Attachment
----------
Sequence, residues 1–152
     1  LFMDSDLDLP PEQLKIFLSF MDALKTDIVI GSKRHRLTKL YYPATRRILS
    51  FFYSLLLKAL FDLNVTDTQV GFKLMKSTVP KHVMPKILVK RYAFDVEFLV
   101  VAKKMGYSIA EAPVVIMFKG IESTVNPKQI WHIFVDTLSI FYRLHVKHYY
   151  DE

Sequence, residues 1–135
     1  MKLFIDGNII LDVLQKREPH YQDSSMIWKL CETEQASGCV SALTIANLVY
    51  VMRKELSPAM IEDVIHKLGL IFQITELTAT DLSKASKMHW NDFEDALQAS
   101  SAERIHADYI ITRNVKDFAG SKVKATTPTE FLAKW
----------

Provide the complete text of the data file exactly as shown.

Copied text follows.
Sequence, residues 1–152
     1  LFMDSDLDLP PEQLKIFLSF MDALKTDIVI GSKRHRLTKL YYPATRRILS
    51  FFYSLLLKAL FDLNVTDTQV GFKLMKSTVP KHVMPKILVK RYAFDVEFLV
   101  VAKKMGYSIA EAPVVIMFKG IESTVNPKQI WHIFVDTLSI FYRLHVKHYY
   151  DE

Sequence, residues 1–135
     1  MKLFIDGNII LDVLQKREPH YQDSSMIWKL CETEQASGCV SALTIANLVY
    51  VMRKELSPAM IEDVIHKLGL IFQITELTAT DLSKASKMHW NDFEDALQAS
   101  SAERIHADYI ITRNVKDFAG SKVKATTPTE FLAKW